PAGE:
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BMC Public Health

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A qualitative study of smoking behavior among the floating population in Shanghai, China

  • Ji-Wei Wang1,
  • Zhi-Ting Cui2,
  • Ning Ding3,
  • Cheng-Gang Zhang4,
  • Tricia Usagawa5,
  • Helen Louise Berry3,
  • Jin-Ming Yu1Email author and
  • Shen-Sheng Li4Email author
BMC Public Health201414:1138

https://doi.org/10.1186/1471-2458-14-1138

Received: 4 May 2014

Accepted: 21 October 2014

Published: 4 November 2014

Abstract

Background

China has become the world’s largest producer and consumer of tobacco and lung cancer is China’s leading cause of cancer deaths. The large majority of Chinese smokers are men. Tobacco consumption is of particular concern among China’s internal floating (or migrant) population, which has become a permanent feature of Chinese society, because this population is very large (over 100 million persons) and it has a high prevalence of smoking. Considering additionally that like the general population of China, the smoking prevalence rate of women from this group is quite low, we therefore aimed to explore smoking-related knowledge, attitudes and behaviours among male smokers in the floating population to help inform the development of effective smoking cessation interventions in this important target group in China.

Methods

We interviewed 39 floating population male smokers in six focus groups and performed a qualitative content analysis of the interviews.

Results

Most participants knew that smoking is risky to health but they knew little about why. Habit and social participation were key drivers of smoking. Smoking was regarded as a core component of their identity by the urban residents. Some participants had tried to stop smoking but none reported having ever been educated about smoking.

Conclusions

Smoking cessation interventions for China’s male floating population would need to incorporate comprehensive education and information about why smoking is dangerous and the benefits of stopping.

Keywords

Floating populationSmokingChinaQualitative study

Background

In 2010, there were an estimated 301 million current tobacco smokers in China, accounting for 28.1% of the adult population (52.9% of men and 2.4% of women), making China the largest tobacco consumer in the world [1]. Smoking contributes to four of China’s five leading causes of death and about 3,000 people die every day in China due to smoking [2]. Those living with disadvantage are more likely to smoke and less likely to stop smoking than are their non-disadvantaged peers [3, 4]. Smoking is not only patterned by social inequalities, but is also a major contributor to inequalities in health [5]. In 2003, China’s National People’s Congress announced its decision to ratify the World Health Organization Framework Convention on Tobacco Control [6]. Nevertheless, there remain overwhelming barriers to implementing effective tobacco control policies and programs, one of which is related to the large scale of China’s internal floating (or migrant) population which is characterised by substantial disadvantage.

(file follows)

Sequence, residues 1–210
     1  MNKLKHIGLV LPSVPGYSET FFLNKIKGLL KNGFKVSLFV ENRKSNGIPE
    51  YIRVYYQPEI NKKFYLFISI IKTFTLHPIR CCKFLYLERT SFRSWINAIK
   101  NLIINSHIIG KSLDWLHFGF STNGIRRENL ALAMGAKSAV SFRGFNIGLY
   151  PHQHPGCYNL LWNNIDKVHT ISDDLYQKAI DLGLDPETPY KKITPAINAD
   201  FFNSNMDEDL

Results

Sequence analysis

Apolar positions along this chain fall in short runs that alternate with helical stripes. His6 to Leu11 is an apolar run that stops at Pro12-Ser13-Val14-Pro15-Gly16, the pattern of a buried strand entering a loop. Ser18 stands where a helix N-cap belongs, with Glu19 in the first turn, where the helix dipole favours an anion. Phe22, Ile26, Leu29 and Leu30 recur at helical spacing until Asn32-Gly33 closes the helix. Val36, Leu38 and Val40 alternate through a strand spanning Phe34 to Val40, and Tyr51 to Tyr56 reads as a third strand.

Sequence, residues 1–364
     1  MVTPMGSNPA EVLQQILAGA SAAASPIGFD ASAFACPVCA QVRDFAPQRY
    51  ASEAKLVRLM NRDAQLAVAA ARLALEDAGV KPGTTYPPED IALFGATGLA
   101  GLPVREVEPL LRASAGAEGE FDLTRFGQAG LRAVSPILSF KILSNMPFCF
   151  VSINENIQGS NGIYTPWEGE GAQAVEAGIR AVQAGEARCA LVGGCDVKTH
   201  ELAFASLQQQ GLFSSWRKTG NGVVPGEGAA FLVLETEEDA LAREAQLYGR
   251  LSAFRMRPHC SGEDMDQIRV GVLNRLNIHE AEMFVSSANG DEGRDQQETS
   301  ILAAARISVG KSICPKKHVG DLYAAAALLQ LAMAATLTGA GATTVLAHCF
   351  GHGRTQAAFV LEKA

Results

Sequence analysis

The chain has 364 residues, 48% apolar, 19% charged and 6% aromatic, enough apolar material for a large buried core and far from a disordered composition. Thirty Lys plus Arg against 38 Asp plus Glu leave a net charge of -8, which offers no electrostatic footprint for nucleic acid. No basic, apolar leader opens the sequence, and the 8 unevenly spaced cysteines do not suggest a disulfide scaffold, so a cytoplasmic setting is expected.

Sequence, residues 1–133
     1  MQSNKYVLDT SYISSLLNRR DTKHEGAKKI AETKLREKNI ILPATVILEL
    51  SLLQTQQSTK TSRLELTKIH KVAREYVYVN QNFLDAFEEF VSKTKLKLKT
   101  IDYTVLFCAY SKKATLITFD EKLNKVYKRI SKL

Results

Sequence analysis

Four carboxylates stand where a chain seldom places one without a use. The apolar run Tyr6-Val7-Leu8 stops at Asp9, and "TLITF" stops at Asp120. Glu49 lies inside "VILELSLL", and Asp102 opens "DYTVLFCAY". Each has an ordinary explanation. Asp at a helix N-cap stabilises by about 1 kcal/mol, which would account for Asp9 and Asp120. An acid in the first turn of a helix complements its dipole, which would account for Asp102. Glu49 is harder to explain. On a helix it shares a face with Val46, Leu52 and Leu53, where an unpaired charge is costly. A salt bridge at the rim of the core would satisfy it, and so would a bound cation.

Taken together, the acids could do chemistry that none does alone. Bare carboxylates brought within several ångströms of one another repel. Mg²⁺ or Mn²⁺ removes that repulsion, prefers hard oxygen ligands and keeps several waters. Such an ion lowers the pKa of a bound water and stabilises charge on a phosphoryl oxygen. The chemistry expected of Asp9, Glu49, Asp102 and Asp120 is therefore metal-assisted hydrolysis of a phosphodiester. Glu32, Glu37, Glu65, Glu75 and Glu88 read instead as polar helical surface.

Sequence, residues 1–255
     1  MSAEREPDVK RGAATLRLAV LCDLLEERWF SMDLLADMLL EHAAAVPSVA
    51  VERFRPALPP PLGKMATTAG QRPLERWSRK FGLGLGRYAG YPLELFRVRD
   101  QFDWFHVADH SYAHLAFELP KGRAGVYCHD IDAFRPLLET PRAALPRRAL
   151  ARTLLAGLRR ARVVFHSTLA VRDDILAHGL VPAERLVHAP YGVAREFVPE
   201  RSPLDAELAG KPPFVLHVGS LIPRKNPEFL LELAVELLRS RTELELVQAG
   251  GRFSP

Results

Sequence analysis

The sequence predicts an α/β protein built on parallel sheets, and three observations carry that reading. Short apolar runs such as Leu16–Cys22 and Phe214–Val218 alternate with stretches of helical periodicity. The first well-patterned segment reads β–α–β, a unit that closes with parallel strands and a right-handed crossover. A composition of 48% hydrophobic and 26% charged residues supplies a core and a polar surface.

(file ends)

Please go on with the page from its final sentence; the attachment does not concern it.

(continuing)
The floating population grew rapidly following China’s 1979 program of economic reform which created abundant employment opportunities in urban areas and relaxed regulations restricting population movements. As a result, a large and growing number of rural people moved from the central and western parts of China to the eastern and coastal urban areas in pursuit of higher incomes [7]. In 2000, it was already estimated at 121 million, representing 10% of China’s total population at that time [8], with 83% of working-age (15–64 years) and 52% men. In 2011 the number reached 252.78 million [9].

China’s floating population has contributed substantially to increasing prosperity in coastal areas [10] but find it difficult to integrate into urban communities, conferring substantial disadvantage. Firstly, they are less educated than the urban population and few have received work-skills training. Consequently, they typically undertake low-paying and manual jobs, which urban residents are less willing to undertake, in labour-intensive industries such as manufacturing, transportation, construction and services. Secondly and importantly, members of the floating population do not have local household registration (Hukou) which is a record, with information such as name, parents, spouse, and date of birth, in the system of household registration required by laws in China and officially identifies a person as a resident of an area [11]. Thus, they are not entitled to certain local government benefits. This results in daunting problems, such as being unable to use local health insurance, apply for public rental housing, access certain employment opportunities, register for the local pension plans or enrol their children in high-quality local schools [7, 12].

Consistent with these disadvantages, smoking prevalence among male China’s floating population is disproportionately high, although just like the general population, few women from this group smoke [13]. The prevalence rate among male floating population is reported as 54.82%, with smokers consuming an average 18.91 cigarettes daily, far exceeding the general population average, 0.76 , moving to cities does not reduce smoking prevalence or intensity in the floating population: most smokers (69.83%) reported consuming the same amount in their new homes, or even more (27.17%), with only 3.0% smoking less [14]. It is not evident how to reduce the prevalence and intensity of smoking among China’s floating population smokers [15]. Although the magnitude of the problem is known, little is known about the floating population’s understanding, attitudes, social context or behaviours in relation to smoking. Such understanding is necessary to developing effective smoking cessation strategies for this population.